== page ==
Improving the Performance of Advanced Technology Fuels

Lead Research Organisation: University of Bristol
Department Name: Physics

Abstract

The drive for change in nuclear fuel design is towards accident tolerance, which specifically relates to the absence or delay of high-temperature clad oxidation by coolant. Any replacement for UO2 fuel must offer a combination of safer operation with lower fuel cycle cost; either longer cycles or lower enrichment. The candidate material that offers the greatest combination of these properties with the potential for industrial scale-up is currently uranium mononitride, UN. However, there is a major behavioural draw-back in that water, and more importantly during operation, high T water/steam, is significantly more corrosive to UN than the UO2 oxide fuel currently employed in water moderated reactors.
The proposed PhD project will specifically address the two key issues that are driving research of accident tolerant fuels (ATF): thermal conductivity degradation and corrosion behaviour, with the main focus on the fuel-water interaction. This interaction will be explored with relation to three key stages of the fuel life cycle, in operando (high temperature water/steam), in interim storage and in long-term waste storage scenarios. The project will require synthesis of both bulk and thin film samples; polycrystalline and single crystals, using UHV gas rigs and a dedicated actinide dc magnetron sputter system. Characterisation will be conducted using a range of surface analysis techniques, with particular emphasis on utilising x-ray diffraction (XRD) and x-ray photoelectron spectroscopy (XPS). We will make use of the Bristol Oxford Nuclear Research Centre (NRC) and employ the Oxford TEM suite to investigate the fuel surfaces on an atomic scale.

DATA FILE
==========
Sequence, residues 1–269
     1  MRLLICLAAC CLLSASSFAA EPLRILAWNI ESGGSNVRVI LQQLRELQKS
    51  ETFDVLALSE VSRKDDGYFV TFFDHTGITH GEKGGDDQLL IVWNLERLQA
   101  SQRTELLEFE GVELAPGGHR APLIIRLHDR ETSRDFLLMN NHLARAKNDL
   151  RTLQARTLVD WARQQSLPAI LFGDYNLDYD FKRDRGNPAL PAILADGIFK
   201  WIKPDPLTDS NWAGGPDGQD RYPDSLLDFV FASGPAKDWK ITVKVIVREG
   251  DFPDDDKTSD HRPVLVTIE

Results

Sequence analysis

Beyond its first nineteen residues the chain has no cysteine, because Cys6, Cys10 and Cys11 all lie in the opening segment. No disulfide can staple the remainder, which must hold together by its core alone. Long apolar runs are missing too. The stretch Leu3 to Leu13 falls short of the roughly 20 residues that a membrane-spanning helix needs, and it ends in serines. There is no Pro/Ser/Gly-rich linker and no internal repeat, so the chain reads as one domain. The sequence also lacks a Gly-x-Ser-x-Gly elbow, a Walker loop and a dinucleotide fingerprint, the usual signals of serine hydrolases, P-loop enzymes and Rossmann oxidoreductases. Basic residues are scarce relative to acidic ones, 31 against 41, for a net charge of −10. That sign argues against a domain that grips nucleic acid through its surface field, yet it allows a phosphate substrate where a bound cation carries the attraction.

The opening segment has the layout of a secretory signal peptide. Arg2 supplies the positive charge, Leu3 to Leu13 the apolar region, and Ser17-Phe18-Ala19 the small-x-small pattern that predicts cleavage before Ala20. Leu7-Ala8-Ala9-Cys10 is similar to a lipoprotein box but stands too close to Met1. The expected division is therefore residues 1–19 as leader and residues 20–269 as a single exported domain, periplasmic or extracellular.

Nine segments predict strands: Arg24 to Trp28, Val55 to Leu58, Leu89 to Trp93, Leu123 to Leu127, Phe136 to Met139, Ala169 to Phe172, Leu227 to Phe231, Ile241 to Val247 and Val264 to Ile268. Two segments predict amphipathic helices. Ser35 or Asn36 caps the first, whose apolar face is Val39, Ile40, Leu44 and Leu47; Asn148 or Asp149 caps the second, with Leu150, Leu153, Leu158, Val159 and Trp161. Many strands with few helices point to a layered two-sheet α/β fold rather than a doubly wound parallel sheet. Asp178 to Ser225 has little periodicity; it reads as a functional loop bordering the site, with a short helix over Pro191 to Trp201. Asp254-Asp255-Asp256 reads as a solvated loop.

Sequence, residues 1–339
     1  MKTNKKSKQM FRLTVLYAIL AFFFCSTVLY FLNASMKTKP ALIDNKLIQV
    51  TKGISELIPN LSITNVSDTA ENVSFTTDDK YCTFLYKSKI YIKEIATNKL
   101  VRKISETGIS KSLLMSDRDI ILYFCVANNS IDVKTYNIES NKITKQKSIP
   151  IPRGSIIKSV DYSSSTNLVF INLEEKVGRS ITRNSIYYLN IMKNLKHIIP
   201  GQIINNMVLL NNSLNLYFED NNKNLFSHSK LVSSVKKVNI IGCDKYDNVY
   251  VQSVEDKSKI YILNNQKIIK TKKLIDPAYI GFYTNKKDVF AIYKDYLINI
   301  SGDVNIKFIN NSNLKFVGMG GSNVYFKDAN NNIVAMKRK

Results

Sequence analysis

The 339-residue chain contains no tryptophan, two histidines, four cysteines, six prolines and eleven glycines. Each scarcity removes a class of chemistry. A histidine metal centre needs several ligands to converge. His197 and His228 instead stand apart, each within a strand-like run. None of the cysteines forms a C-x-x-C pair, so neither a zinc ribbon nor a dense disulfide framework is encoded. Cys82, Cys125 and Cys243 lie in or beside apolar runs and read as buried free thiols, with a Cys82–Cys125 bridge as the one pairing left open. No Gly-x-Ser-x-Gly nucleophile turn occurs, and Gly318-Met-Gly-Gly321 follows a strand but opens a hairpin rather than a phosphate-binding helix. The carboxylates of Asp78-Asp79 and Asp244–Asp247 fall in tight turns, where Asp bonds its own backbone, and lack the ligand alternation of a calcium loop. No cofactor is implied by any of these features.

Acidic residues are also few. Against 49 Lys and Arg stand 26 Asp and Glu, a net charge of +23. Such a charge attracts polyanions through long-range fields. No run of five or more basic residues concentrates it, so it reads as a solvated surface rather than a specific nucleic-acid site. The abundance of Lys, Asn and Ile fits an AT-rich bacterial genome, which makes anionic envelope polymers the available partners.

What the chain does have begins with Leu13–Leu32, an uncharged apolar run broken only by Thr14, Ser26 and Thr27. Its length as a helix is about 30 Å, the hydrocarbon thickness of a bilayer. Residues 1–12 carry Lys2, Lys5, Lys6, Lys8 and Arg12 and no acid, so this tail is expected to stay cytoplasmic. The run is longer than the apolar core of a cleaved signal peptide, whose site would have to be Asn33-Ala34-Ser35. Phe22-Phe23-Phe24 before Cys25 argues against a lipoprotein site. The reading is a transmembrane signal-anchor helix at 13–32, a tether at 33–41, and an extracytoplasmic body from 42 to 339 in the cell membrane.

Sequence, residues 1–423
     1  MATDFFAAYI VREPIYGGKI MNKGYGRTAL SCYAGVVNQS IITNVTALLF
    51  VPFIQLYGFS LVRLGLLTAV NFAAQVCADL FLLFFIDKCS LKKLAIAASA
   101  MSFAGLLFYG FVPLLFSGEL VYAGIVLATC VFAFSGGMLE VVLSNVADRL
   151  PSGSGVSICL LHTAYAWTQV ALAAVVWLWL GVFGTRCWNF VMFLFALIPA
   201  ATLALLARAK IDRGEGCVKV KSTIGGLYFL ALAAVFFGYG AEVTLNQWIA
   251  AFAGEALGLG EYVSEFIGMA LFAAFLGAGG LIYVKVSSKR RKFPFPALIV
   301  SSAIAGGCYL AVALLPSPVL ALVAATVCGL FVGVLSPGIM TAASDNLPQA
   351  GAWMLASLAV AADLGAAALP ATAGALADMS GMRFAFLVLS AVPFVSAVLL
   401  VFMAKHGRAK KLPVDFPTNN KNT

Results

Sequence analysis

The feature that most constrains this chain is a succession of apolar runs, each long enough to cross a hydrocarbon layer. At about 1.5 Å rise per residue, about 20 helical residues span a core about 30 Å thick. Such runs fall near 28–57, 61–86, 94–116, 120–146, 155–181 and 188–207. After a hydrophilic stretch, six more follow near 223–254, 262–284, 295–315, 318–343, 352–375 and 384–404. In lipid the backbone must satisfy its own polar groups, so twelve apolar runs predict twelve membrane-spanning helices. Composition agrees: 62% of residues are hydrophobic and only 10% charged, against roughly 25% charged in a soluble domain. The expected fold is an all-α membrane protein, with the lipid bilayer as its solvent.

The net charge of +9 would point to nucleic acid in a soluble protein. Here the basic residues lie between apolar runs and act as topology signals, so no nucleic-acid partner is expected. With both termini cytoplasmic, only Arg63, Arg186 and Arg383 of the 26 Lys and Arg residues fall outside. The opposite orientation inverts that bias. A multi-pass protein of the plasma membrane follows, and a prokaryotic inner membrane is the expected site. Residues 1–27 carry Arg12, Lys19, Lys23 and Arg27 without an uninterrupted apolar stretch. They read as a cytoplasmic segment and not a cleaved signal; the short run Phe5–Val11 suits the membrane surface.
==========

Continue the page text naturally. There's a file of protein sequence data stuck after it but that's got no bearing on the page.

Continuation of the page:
The PhD is at the forefront of current UK research and development in nuclear fission. It will investigate potential avenues for improving fuel-water performance, including dopants and surface coatings, providing a comprehensive review of possible options

Publications

10 25 50

Studentship Projects

Project Reference Relationship Related To Start End Student Name
EP/S023844/1 01/04/2019 30/09/2027
2462346 Studentship EP/S023844/1 01/10/2020 30/09/2024 Philip Mark Smith